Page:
A great blue heron preened itself while a couple of turtles watched its every move on Jamaica Pond this afternoon (even more turtles watched from the other side on what is normally the pond's turtle log).
Roving UHub photographer Mary Ellen spotted a pair of snapping turtles down by the river in Millennium Park today, and you know what they say about snappers and broomsticks (even if those stories aren't true).
Jamaica Plain News reports Zoo New England has been using Franklin Park to train Koda to find eastern box turtles, an increasingly rare species in New England, so that researchers can better figure out ways to keep them around.
This turtle climbed up on the oversized bathtub drain at the northern end of Jamaica Pond this afternoon to get some sun, but then seemed to want to figure out if it could balance on it using just its shell.
The heron stood mostly still at the water's edge along the Pinebank side of Jamaica Pond today, only its neck swiveling as it scanned the water. Then, suddenly, it went into a crouch, like a cat about to pounce, took a couple of steps to the left and speared the water, coming up with a quickly devoured canape. Read more.
Heather Sullivan spotted this bad boy on Ricciuti Drive, across from the Granite Links golf course in Quincy today. She stayed well away from its mouth, because, of course, such beasties can snap a broomstick in half like nobody's business, or so we hear.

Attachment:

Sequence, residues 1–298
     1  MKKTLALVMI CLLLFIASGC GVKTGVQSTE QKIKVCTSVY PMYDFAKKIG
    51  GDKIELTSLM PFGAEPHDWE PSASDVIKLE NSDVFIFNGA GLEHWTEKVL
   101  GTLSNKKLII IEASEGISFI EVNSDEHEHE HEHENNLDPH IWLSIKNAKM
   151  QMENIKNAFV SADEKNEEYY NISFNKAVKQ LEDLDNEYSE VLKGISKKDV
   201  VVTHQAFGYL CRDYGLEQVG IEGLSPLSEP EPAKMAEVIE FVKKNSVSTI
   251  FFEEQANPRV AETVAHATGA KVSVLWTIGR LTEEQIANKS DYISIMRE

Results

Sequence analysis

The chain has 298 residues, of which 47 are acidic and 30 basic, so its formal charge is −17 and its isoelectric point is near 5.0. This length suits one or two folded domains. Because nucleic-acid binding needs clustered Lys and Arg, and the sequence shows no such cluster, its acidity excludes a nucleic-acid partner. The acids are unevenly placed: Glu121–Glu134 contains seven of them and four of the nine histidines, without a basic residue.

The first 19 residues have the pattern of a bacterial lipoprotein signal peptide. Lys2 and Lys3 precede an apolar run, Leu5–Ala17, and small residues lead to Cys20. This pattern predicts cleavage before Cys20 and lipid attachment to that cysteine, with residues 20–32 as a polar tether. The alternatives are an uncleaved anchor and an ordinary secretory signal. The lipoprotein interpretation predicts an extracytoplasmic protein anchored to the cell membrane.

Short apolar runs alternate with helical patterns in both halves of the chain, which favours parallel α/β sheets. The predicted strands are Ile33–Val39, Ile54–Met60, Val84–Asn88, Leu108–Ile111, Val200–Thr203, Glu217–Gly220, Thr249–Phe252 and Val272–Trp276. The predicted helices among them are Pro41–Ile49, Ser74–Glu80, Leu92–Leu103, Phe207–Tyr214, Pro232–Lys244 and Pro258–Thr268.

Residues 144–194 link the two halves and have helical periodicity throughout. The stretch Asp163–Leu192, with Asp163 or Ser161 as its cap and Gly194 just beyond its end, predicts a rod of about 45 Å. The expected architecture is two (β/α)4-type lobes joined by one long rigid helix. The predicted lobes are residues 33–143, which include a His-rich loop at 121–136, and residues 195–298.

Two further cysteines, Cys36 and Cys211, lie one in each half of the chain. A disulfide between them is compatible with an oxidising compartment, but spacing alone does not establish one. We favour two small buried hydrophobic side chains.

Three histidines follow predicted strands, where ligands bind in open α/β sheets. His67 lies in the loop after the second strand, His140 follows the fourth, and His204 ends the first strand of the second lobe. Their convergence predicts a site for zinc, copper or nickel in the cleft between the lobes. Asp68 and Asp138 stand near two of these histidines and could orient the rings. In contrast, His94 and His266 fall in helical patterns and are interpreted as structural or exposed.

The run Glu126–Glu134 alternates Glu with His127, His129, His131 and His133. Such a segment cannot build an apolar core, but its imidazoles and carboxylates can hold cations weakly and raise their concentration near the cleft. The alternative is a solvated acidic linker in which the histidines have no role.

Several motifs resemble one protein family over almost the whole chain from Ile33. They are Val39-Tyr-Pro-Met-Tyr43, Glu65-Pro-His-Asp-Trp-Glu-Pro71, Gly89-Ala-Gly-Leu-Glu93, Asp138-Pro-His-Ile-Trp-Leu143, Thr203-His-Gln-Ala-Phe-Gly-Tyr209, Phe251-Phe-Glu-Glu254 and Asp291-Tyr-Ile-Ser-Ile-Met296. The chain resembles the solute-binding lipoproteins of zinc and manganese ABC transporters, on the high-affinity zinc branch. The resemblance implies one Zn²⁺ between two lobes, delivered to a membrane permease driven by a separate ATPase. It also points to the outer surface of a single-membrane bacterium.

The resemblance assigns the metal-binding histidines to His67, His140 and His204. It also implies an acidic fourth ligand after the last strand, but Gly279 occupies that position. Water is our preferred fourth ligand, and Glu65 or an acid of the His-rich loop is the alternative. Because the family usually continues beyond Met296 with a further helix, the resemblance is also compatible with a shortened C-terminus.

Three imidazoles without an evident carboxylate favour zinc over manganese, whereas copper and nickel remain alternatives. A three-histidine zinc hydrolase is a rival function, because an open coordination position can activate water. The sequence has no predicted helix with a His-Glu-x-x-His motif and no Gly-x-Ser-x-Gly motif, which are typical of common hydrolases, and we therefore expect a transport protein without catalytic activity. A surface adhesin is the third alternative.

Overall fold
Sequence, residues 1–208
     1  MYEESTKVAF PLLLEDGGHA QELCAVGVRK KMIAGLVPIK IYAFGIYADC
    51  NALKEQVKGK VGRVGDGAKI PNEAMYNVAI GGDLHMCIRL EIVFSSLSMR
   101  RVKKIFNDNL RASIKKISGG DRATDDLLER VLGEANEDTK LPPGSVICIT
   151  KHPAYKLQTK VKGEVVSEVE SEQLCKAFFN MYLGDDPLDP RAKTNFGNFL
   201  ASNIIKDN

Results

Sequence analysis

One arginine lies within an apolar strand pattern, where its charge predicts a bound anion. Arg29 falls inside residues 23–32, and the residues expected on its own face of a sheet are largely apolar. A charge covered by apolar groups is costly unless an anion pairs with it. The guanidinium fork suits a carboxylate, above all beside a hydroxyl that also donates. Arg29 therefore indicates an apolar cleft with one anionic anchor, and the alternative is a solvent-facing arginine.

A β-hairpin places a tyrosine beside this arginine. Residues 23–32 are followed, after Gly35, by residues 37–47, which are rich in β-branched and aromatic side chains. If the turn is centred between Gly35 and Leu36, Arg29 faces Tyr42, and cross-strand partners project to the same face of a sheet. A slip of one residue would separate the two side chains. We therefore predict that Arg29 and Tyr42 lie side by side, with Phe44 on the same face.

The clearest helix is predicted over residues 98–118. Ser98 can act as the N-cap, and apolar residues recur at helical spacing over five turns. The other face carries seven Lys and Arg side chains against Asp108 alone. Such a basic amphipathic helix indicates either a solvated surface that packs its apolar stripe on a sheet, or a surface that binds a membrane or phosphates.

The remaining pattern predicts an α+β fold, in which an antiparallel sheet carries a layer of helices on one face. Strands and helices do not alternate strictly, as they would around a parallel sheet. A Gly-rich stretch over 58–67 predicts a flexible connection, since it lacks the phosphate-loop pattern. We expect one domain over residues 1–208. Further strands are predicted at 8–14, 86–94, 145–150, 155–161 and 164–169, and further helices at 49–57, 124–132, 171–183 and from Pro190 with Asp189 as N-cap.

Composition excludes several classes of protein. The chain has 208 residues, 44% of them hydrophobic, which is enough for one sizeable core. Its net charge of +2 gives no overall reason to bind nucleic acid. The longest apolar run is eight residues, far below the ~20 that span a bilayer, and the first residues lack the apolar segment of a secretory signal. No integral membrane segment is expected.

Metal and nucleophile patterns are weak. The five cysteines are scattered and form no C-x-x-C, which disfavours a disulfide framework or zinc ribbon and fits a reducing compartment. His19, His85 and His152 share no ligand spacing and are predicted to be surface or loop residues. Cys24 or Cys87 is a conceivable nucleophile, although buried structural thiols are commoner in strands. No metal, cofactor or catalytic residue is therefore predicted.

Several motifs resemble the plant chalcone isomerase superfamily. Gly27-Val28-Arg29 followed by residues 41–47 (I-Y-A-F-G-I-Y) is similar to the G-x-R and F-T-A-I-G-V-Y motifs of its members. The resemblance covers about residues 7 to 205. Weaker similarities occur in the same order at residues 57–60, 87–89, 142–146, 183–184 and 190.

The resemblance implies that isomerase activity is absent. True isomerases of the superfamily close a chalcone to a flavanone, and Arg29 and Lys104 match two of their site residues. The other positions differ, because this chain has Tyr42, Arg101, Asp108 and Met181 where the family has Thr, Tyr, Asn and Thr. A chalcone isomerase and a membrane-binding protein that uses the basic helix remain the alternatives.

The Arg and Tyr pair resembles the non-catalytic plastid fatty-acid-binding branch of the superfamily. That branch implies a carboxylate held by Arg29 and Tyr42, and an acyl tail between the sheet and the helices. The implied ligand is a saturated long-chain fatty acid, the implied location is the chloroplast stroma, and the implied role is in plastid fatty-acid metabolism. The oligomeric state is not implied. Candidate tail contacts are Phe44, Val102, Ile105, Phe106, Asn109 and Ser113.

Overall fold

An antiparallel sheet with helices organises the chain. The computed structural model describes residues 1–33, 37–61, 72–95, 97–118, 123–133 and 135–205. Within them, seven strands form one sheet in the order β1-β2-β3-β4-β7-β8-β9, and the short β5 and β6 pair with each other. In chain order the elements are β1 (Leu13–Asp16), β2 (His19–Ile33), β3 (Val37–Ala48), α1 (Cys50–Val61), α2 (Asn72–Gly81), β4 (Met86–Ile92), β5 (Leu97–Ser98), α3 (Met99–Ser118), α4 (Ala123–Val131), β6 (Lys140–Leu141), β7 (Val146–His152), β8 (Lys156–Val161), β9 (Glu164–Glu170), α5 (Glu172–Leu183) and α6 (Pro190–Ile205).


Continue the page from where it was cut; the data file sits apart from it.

Roving UHub photographer Elisha Meyer found herself stopped on Allandale Street on the Jamaica Plain/West Roxbury line around 4:15 p.m. today - by a monster turtle, at least until police showed up to help him across the street:
He got a BPD escort and everything. I guess it gives new meaning to the term "rubbernecking."
A couple of turtles were lazing on a log at the northern end of Jamaica Pond, soaking up the sun, when a dragonfly landed on one of them. That put a quick end to snooze time - the turtle jumped into the water.
EastieStrong spotted a very large snapping turtle in the grass this evening on Old Landing Way, near the ball field and Medford Street, in Charlestown - nowhere near any fresh water that is its natural habitat.
Animal Control won't come get it. It's far away from natural habitat. Likely dumped.